A Week In Books: Satisfying a loyal audience of sea-loving readers
Friday 21 October 2005
This autumn, many people will have looked forward eagerly to Joe Wright's film of Pride and Prejudice. Today, on the exact anniversary, many others will begin to enjoy a Trafalgar Weekend of patriotic - and liquid - celebration of the ultimate naval victory in 1805. It would be a fair bet that the two constituencies will not massively overlap. We live, more than ever, in little boxes of taste, choice and lifestyle. Jane herself, immersed in the doings of naval relatives, would have been baffled by the bulkheads that divide modern life.
Publishers have satisfied a loyal audience of sea-loving readers in the run-up to the Trafalgar bicentenary. Big guns have hit their targets with overwhelming force, from NAM Rodger's epic history of the Royal Navy between Pepys and Nelson, The Command of the Ocean, to flagship biographies of the admiral from John Sugden, Andrew Lambert and Roger Knight. Armchair-bound seadogs have had their day. Yet little in this bookish broadside has appealed beyond the core crew; to readers, for instance, of Susan Sontag's exuberant novel The Volcano Lover, in which the erotic triangle of warrior (Nelson), scholar (William Hamilton) and courtesan (Emma) inspired the strongest imaginative work in the career of a great avant-garde intellectual.
There have been a few, rare exceptions. Best of all by a mizzen mast's length, Adam Nicolson connects gunnery and poetry, hard battles and soft hearts, in Men of Honour: Trafalgar and the making of the English hero (HarperCollins, £16.99). This is a fast-moving sloop of a book, lightly built but powerfully armed, and truly Nelsonian in its passion and audacity. I'm sure I deserve some gruesome quarterdeck punishment after overlooking it for too long. In supercharged prose that recalls Schama, Ackroyd or even Iain Sinclair, Nicolson blends a thrilling, shocking hour-by-hour account of the battle with sweeping reflections on the great European movements of ideas and emotions that underpinned the combat.
As naval narrative goes, this is far more Hegel than Hornblower. At one point comparing the savage yet sentimental Nelson with Mr Darcy as models of a new "manliness", Nicolson ties the ferocious "zeal" of the British to the Romantic mindset as much as to the entrepreneurial frenzy of a fluid society. Nelson and Blake, who detested the victor of Trafalgar as a counter-revolutionary war criminal, emerge as twinned spontaneous extremists, both in their way believing that "the road of excess leads to the palace of wisdom".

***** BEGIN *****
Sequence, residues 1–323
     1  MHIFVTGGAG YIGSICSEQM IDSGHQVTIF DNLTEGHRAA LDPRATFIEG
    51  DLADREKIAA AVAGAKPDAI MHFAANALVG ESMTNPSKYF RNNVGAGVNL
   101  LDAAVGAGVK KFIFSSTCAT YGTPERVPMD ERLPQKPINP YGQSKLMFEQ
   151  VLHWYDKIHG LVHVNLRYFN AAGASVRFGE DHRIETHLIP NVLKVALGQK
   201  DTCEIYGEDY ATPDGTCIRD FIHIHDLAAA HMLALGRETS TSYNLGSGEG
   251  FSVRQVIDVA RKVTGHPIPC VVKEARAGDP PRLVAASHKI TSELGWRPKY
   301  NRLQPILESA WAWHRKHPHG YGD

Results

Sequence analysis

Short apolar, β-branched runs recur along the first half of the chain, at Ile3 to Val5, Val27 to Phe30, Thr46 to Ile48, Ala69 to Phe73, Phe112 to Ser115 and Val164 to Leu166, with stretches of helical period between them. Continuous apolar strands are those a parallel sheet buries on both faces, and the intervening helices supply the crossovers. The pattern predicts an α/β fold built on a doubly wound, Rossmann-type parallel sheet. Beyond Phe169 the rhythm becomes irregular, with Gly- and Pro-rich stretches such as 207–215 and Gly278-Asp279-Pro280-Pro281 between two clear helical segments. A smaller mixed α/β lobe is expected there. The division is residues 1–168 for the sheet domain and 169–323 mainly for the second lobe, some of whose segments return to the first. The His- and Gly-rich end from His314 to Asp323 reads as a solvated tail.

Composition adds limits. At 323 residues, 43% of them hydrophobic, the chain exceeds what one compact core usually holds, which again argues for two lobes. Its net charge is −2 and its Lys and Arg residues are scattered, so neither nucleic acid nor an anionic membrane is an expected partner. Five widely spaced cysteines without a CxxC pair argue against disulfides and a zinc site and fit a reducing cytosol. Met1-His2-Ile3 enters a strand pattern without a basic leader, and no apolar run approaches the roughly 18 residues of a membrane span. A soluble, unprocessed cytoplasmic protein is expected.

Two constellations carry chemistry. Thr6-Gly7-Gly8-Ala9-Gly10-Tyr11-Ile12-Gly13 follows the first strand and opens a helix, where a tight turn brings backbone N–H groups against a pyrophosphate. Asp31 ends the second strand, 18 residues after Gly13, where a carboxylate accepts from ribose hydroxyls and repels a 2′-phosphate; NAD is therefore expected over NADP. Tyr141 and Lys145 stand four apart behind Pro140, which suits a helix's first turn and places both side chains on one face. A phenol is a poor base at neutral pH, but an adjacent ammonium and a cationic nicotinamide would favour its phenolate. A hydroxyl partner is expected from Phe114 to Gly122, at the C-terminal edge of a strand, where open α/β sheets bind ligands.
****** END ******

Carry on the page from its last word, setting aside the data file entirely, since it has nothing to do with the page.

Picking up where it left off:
The "uncompromising violence" of the British appalled their enemies - at Trafalgar, they killed and wounded ten for every casualty they took. Yet it coexisted with deep reserves of tenderness, affection and (Nelson's buzz-word) "humanity". Nicolson writes about this ambivalence so well because he feels it, swaying between revulsion at the "butcher's shambles" of blood-washed ships and delight at the dash and daring of the sailors.
Reading Nicolson will help you to reconcile the outlooks of Jane and Frank Austen, who lived in separate spheres but not in different worlds. This weekend's Trafalgar jamboree may confirm that British culture still prefers to inhabit its separate spheres. If so, scoffers might want to remember another of Blake's hyper-Romantic proverbs: "Without contraries is no progression."
Grace Dent on TV The Secret Life of the Pub is sexist, ageist and a breath of fresh air
Art Megumi Igarashi criticises Japan's 'backwards' attitude to women's sexual expression
tv Singer could become the most unlikely star of Westeros
Ray Davies' Sunny Afternoon scoops the most awardsTheatre
Grace DentChannel 4 show proves there's no app for happiness
Arts & Ents blogs
- 1 BBC election debate: The one photo that summed up the whole 90-minute leaders debate
- 2 A bottle of wine a day is not bad for you and abstaining is worse than drinking, scientist claims
- 3 18th century sex toy found in 'toilet of sword fighting school' in Poland
- 4 'I wish my teacher knew...': Young students share their 'heartbreaking' worries in notes
- 5 Rebecca Francis accuses Ricky Gervais of using 'influence' to target female hunters after receiving barrage of death threats
Better Call Saul creator Peter Gould on the creative concerns of a prequel, season 2 and the mind-numbing realities of the small courts
Britain's Got Talent 2015: RSPCA investigating Marc Metral's miming dog after cruelty complaints
Star Wars 7: The Force Awakens trailer: The most extreme fan reactions on Twitter
The Batman v Superman: Dawn of Justice trailer has leaked – watch
Madonna might be a stand-up comedy virgin - but she wasn't terrible
The only black face in the Ukip manifesto is on the page about overseas aid
Ukip is the only main political party to not address LGBT rights in its manifesto
If I’m being racially abused I don’t need a white stranger with a saviour complex to rescue me
BBC election debate: The one photo that summed up the whole 90-minute leaders debate
Religion isn't growing, it is becoming vigorous in its demise, says philosopher AC Grayling
Russian warships in English Channel 'to conduct anti-aircraft and anti-submarine military drills'